Refactor Your Tests

TDD Pro-Tip: I spend considerable effort making it possible not only to implement a test I want, but to make that test easy to read, to write, to run, and to debug. I’ve talked a lot about five premises of TDD. The money premise, the steering premise, and the chaining …

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Thicken Yourself

Coaching Pro-Tip: Thicken yourself. Do that by pursuing the backstory of any idea whatsoever that has nothing to do with your trade. That’s it. No thread.

Refactoring: Side-by-Side v. In Situ

Refactoring Pro-Tip: As soon as I move beyond small-scope refactorings, I ask whether my change would be easiest side-by-side or in situ. Before we even start this conversation, remember remember remember: easiest nearest owwie first, and keep repeating it. This conversation happens after we’ve found everything we can do in …

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From Procedural to Human

Yesterday, we talked about Alice’s City On The Hill and her approach to getting there. I offered, instead of the Alice approach, an approach that was Human, Taken, Local, and Iterative. Today, let’s consider this business of Procedural -> Human. Every system for making software is a mixed system, with …

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Alice’s Approach To Change

Change Pro-Tip: It’s common, but mistaken, to believe that some change I want to make will be procedural, given, sweeping, and final. Let’s imagine someone, we’ll call her Alice. Alice is a mid-level manager, a department head let’s say, neither quite at the top nor quite at the bottom. She’s …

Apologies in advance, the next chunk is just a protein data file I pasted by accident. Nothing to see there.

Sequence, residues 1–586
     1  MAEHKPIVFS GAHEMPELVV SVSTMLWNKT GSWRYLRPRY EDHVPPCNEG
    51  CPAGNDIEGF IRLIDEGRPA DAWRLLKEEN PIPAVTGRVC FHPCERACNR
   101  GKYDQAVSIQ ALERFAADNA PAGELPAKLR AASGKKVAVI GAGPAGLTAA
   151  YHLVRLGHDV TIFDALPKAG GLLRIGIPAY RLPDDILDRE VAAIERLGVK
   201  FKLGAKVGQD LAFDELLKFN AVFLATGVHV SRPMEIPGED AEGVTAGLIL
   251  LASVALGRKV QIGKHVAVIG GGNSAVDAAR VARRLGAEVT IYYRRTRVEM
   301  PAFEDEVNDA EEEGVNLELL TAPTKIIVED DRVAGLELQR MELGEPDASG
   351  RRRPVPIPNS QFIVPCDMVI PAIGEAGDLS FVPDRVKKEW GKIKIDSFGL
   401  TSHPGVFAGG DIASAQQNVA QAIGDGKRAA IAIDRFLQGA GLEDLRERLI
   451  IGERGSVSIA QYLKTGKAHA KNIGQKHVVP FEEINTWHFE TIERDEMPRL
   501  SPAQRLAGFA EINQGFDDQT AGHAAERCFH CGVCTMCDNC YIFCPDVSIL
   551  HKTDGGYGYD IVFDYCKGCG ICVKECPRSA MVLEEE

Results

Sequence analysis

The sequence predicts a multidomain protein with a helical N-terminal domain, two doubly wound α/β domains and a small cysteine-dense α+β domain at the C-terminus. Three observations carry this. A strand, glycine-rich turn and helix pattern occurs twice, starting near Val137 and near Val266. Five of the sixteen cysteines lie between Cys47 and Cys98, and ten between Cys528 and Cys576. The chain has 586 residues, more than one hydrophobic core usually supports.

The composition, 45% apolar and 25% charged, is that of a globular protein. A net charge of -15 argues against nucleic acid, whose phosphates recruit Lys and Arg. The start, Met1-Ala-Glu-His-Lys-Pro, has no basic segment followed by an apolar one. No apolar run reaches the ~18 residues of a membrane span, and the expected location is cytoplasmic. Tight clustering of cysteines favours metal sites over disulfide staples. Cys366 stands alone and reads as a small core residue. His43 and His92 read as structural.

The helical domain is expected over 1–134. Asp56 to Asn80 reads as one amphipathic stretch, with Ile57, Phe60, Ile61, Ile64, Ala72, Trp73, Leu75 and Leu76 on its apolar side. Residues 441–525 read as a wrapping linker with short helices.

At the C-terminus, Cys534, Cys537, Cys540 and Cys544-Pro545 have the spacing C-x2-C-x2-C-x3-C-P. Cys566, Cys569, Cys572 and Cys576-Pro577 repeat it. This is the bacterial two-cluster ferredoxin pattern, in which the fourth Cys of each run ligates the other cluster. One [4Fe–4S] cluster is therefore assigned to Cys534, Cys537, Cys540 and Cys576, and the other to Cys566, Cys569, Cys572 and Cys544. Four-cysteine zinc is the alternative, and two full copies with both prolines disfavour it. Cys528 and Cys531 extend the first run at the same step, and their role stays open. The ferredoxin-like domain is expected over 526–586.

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What We Can’t Change

Change Pro-Tip: We can’t (purposefully) change what we don’t sense, what we don’t talk about, or what we assume can’t be changed. I remind myself of this one a lot, because it’s easy to forget in the middle of the circus that passes for professional software development. Changing things means …

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Change Pro-Tip: All The Knobs A Little, All The Knobs A Little

Change Pro-Tip: All the knobs a little, all the knobs a little, over and over again, is how I’ve make my most successful changes, in code and organizations alike. A while back, I mused first about "Always Small, Always Improve" and I later elaborated "Always Small, Always Better, Always Wrong". …

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